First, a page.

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1.
J Virol ; 95(13): e0019221, 2021 06 10.
Article in English | MEDLINE | ID: covidwho-1486499

ABSTRACT

Understanding factors that affect the infectivity of severe acute respiratory syndrome coronavirus 2 (SARS-CoV-2) is central to combatting coronavirus disease 2019 (COVID-19). The virus surface spike protein of SARS-CoV-2 mediates viral entry into cells by binding to the ACE2 receptor on epithelial cells and promoting fusion. We found that Epstein-Barr virus (EBV) induces ACE2 expression when it enters the lytic replicative cycle in epithelial cells. By using vesicular stomatitis virus (VSV) particles pseudotyped with the SARS-CoV-2 spike protein, we showed that lytic EBV replication enhances ACE2-dependent SARS-CoV-2 pseudovirus entry. We found that the ACE2 promoter contains response elements for Zta, an EBV transcriptional activator that is essential for EBV entry into the lytic cycle of replication. Zta preferentially acts on methylated promoters, allowing it to reactivate epigenetically silenced EBV promoters from latency. By using promoter assays, we showed that Zta directly activates methylated ACE2 promoters. Infection of normal oral keratinocytes with EBV leads to lytic replication in some of the infected cells, induces ACE2 expression, and enhances SARS-CoV-2 pseudovirus entry. These data suggest that subclinical EBV replication and lytic gene expression in epithelial cells, which is ubiquitous in the human population, may enhance the efficiency and extent of SARS-CoV-2 infection of epithelial cells by transcriptionally activating ACE2 and increasing its cell surface expression. IMPORTANCE SARS-CoV-2, the coronavirus responsible for COVID-19, has caused a pandemic leading to millions of infections and deaths worldwide. Identifying the factors governing susceptibility to SARS-CoV-2 is important in order to develop strategies to prevent SARS-CoV-2 infection. We show that Epstein-Barr virus, which infects and persists in >90% of adult humans, increases susceptibility of epithelial cells to infection by SARS-CoV-2. EBV, when it reactivates from latency or infects epithelial cells, increases expression of ACE2, the cellular receptor for SARS-CoV-2, enhancing infection by SARS-CoV-2. Inhibiting EBV replication with antivirals may therefore decrease susceptibility to SARS-CoV-2 infection.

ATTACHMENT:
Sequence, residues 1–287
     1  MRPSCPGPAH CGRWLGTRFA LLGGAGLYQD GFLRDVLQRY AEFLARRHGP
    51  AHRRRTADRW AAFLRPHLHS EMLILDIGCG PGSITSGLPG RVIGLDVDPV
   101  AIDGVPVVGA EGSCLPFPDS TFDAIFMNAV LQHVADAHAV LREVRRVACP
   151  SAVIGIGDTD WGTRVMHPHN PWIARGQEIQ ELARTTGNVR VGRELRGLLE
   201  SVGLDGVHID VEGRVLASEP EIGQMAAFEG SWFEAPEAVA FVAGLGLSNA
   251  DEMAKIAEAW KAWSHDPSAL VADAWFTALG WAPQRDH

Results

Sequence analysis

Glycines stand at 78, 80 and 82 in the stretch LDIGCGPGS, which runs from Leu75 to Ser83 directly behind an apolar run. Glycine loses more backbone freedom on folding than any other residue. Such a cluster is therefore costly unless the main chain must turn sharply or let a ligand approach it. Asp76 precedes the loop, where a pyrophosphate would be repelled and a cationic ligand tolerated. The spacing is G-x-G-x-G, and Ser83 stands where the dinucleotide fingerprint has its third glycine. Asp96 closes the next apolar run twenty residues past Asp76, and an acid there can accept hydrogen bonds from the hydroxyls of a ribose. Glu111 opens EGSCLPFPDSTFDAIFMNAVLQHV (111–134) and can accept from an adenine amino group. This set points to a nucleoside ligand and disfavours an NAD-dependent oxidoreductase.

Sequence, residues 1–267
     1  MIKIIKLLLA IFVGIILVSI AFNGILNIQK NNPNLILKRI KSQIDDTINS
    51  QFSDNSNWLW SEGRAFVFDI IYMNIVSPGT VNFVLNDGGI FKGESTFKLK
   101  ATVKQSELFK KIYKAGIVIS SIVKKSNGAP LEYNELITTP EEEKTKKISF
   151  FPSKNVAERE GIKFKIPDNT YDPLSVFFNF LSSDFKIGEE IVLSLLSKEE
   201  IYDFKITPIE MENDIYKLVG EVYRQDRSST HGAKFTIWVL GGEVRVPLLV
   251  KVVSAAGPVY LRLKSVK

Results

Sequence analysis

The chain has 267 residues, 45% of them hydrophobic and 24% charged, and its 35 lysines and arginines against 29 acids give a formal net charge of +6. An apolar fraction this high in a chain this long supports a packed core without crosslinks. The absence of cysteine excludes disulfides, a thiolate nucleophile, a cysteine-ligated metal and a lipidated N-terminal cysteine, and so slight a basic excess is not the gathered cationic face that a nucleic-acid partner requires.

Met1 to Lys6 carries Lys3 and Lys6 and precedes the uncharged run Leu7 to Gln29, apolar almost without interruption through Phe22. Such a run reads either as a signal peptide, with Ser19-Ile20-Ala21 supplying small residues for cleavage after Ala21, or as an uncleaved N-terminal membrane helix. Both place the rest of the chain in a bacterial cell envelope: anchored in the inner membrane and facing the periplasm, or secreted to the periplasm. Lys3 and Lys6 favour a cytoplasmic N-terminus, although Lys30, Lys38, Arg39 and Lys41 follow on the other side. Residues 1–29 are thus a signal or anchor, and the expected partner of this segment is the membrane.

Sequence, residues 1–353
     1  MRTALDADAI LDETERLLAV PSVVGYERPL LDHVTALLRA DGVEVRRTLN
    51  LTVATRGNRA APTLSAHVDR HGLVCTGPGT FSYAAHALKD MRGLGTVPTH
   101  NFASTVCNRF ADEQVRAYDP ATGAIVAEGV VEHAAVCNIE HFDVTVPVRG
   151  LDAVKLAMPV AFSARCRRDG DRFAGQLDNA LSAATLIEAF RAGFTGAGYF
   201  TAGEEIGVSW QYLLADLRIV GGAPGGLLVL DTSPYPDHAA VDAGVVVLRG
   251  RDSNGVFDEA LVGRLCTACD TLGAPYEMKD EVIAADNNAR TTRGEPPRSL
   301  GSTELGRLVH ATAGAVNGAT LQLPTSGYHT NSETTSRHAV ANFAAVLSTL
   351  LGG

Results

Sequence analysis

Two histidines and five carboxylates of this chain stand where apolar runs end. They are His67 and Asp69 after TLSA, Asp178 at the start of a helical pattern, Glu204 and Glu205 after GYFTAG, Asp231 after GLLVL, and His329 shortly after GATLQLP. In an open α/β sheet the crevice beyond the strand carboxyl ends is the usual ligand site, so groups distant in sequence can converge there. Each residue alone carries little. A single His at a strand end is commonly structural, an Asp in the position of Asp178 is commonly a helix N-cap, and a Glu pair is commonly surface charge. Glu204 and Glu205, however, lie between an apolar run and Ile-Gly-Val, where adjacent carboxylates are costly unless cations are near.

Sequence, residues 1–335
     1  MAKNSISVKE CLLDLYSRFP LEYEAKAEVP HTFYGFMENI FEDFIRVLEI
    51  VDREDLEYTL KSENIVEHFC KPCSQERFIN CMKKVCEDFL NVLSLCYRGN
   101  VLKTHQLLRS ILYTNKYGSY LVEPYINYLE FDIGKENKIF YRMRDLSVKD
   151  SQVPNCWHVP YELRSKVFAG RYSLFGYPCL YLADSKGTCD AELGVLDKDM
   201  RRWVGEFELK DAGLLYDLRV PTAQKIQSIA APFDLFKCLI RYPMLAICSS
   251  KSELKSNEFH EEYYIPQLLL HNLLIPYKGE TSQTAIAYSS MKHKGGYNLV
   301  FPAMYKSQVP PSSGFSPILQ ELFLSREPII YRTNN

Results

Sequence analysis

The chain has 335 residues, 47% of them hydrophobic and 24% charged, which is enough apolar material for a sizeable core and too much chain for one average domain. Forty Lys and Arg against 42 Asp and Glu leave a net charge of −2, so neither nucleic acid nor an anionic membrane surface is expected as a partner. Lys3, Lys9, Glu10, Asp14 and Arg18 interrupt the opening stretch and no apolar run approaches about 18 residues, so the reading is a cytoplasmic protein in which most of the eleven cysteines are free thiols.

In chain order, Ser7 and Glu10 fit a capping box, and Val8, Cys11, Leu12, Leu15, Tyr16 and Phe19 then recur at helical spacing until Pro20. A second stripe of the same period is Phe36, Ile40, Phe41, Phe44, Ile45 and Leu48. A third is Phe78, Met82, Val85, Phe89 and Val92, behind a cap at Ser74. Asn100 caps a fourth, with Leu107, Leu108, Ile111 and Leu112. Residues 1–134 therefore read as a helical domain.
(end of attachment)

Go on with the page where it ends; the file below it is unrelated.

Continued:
Subject(s)
Angiotensin-Converting Enzyme 2/genetics , Epithelial Cells/virology , Herpesvirus 4, Human/physiology , SARS-CoV-2/physiology , Virus Internalization , Virus Replication , Angiotensin-Converting Enzyme 2/metabolism , Cell Line , DNA Methylation , Epithelial Cells/metabolism , Gene Expression Regulation , Humans , Promoter Regions, Genetic , SARS-CoV-2/metabolism , Spike Glycoprotein, Coronavirus/metabolism , Trans-Activators/metabolism , Virus Activation
2.
Int J Mol Sci ; 22(3)2021 Jan 22.
Article in English | MEDLINE | ID: covidwho-1389387

ABSTRACT